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Andrew Breitbart's Web empire continues with his 'warrior spirit'

March 5, 2012 |  8:21 am

Andrew Breitbart


Andrew Breitbart's Web empire launched a redesign that the late conservative commentator was working on at the time of his unexpected death at age 43 last week.

"Today, as Andrew dreamed and planned, we launch what he called 'Breitbart 2.0.' Many of you wondered what he was working on so hard during the last year of his life. Here it is," breitbart.com announced.  "This was Andrew’s design. And it is Big, like everything else about him. It took him – and all of us – sleepless nights and countless hours to make it a reality. We go forward infused with Andrew's fire, his fight, his humor and his warrior spirit."

Besides redesigning the website, his staff added new featues and posted an essay about President Obama that Breitbart wrote before his death.

The Los Angeles County Coroner's office said it will take several weeks to determine a cause of death for Breitbart. Officials said they believe he died of natural causes.

"It looks like a heart attack, but no one knows until" an autopsy is done," his father-in-law, actor Orson Bean, told The Times.

"He was walking near the house somewhere.... He was taken by paramedics to UCLA and they couldn't revive him," Bean said.  "We're devastated. I loved him like a son."

Breitbart, 43, is survived by his wife, Susannah; four children, Samson, 12, Mia, 10, Charlie, 6, and William, 4; his parents, Jerry and Arlene; and a sister, Tracy. The family has not announced memorial arrangements.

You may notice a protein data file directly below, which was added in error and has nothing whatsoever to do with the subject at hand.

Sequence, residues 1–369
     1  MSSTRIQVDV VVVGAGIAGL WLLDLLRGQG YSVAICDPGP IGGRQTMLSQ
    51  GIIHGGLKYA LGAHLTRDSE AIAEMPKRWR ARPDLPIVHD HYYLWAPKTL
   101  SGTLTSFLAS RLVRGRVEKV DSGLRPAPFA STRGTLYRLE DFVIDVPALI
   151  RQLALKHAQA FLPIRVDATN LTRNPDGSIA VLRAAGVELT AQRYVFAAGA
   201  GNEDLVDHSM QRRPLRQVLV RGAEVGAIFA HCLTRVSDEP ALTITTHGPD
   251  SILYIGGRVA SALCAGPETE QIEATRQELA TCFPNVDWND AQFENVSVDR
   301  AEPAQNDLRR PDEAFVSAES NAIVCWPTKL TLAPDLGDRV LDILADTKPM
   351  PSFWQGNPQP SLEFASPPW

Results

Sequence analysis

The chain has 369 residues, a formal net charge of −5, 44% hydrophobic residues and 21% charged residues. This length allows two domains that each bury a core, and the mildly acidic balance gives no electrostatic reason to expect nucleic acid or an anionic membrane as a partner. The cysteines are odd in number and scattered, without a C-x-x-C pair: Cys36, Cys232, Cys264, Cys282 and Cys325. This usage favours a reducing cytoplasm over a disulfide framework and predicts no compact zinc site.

The Los Angeles County Coroner's office confirmed that it will investigate the case, given how young Breitbart was.

Breitbart was a Hollywood-hating, mainstream-media-loathing conservative and shot to stardom with two stories in recent years: breaking the story over sexually charged tweets by liberal Rep. Anthony Weiner of New York, a scandal that led to his resignation; and posting a video of Shirley Sherrod, a black employee of the U.S. Department of Agriculture, in which she appeared to make racially charged comments, leading to her firing and then a subsequent apology by the Obama administration when it was later revealed her comments were taken out of context.

Breitbart spent his first years helping to edit the Drudge Report and later helped launch the Huffington Post. In 2005, he launched his news aggregation site Breitbart.com, which was designed to counter what Breitbart described as the "bully media cabal" that he says ignores stories at odds with prevailing liberal orthodoxy. His goal, he often said, was to "destroy the institutional left."

His big splash came in 2009, when he posted an undercover video in which a pair of conservative activists posing as a prostitute and her boyfriend asked employees of the community group ACORN for help with a brothel that would house underage Salvadorans. ACORN was embarrassed when some of its workers seemed too helpful; Congress responded by defunding the organization.

Breitbart's mother-in-law, Alison Mills Bean, called Breitbart "one of the most genuine people I’ve met in my life.... He always spoke the truth of his heart and no matter what people agreed or disagreed with him he never wavered."


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-- Shelby Grad and Andrew Blankstein

Photo: Andrew Breitbart signs his book "Righteous Indignation: Excuse Me While I Save the World!" on Feb. 25 at the Americans for Prosperity Presidential Forum in Troy, Mich. Credit: Jeff Kowalsky / European Pressphoto Agency